I’ve been teaching a graduate course on graphical models, using the Koller/Friedman book, and based largely on the lecture notes from Carlos Gustrin (formerly at CMU) and Andrew McCallum (UMASS).   I tend to be rather less mathematics-first in my preferred attack on these topics, though, which gives a rather different spin to these lectures.  For example, here’s my version of the (rather long) lecture on random sampling, done as PPT with live, in-class annotation.   Bug me if you’d like to see any of the other lectures.

MOOCs:   Coursera course, VLSI CAD: LOGIC TO LAYOUT

I’m teaching the first VLSI oriented MOOC on Coursera sometime in early 2013 (best guess).  This is a version of my class from Carnegie Mellon, moved into the MOOC era, with all the assignments uploaded and evaluated in the cloud.  Topics include computational Boolean algebra, logic synthesis, technology mapping, timing, placement and routing.  This is high-level tour of the foundational algorithms that make it possible for people to design chips with a zillion elements, taught from a CS sort of angle.  Aimed at folks who want to build tools, and also at people doing real chip designs, who want to know why the tools behave the way they do.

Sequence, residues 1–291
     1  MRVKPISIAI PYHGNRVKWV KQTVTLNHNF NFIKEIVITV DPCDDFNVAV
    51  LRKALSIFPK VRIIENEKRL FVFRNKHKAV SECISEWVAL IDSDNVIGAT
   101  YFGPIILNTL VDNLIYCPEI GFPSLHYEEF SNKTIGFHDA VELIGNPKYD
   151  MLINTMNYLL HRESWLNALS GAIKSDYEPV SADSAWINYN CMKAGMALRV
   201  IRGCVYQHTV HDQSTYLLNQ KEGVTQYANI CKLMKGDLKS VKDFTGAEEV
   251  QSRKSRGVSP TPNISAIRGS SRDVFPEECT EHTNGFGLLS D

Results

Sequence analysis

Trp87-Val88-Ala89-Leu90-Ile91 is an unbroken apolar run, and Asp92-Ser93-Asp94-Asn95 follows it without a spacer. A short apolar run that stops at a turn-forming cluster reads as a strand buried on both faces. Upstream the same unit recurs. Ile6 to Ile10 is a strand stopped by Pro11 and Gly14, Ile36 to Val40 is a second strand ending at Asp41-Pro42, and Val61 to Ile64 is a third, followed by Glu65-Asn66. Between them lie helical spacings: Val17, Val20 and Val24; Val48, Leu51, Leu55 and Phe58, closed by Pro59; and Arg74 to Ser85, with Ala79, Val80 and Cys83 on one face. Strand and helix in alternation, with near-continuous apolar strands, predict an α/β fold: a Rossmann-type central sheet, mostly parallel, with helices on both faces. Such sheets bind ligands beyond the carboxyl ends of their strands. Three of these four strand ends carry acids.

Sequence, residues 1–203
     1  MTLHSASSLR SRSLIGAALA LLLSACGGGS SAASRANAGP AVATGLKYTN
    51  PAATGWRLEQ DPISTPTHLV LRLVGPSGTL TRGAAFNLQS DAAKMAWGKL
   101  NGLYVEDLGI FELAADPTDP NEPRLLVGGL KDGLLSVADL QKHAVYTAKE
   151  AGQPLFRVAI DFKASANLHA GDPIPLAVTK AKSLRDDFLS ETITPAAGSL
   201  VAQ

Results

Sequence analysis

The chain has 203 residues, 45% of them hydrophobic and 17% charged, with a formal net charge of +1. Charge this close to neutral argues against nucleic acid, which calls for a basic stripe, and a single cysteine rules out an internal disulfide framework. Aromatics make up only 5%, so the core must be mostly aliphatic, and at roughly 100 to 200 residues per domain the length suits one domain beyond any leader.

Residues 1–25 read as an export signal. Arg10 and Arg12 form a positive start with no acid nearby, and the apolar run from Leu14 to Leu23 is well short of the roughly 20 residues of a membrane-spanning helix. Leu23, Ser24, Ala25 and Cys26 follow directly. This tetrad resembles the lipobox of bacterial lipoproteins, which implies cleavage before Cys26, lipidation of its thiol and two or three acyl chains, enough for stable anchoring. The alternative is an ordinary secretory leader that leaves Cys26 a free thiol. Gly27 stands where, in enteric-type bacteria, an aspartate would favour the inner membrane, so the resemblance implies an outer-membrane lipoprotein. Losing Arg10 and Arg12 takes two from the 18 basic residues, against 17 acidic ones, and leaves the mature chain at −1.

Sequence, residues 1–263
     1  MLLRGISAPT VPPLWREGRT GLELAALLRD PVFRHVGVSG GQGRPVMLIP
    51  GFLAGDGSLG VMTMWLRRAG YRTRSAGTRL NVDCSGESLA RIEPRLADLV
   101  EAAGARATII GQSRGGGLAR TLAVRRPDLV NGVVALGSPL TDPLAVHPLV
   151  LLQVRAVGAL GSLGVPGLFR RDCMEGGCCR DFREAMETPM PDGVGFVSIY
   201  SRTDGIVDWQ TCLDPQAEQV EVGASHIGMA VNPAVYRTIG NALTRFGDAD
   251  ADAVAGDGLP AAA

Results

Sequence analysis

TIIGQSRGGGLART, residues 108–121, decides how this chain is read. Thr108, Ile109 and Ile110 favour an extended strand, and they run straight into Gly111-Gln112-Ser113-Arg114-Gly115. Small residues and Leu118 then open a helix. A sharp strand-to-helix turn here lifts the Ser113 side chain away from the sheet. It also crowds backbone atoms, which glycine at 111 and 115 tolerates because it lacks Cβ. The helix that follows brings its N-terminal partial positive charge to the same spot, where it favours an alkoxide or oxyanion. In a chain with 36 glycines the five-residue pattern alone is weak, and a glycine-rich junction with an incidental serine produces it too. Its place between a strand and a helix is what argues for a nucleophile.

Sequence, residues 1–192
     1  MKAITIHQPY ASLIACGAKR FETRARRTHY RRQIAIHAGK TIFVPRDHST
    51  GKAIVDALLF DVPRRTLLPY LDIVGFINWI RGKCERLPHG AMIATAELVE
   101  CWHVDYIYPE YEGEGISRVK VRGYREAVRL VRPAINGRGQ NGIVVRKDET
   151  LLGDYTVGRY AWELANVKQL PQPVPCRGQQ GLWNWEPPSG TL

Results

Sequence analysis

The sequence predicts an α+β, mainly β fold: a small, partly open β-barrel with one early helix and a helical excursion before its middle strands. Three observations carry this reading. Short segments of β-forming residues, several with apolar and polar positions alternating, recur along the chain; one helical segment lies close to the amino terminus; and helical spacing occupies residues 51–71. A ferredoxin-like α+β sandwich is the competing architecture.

I’ve been fortunate to be part of several interesting curriculum design efforts,  over the last 25 years of my life in academia.  Here a couple of those historical papers.


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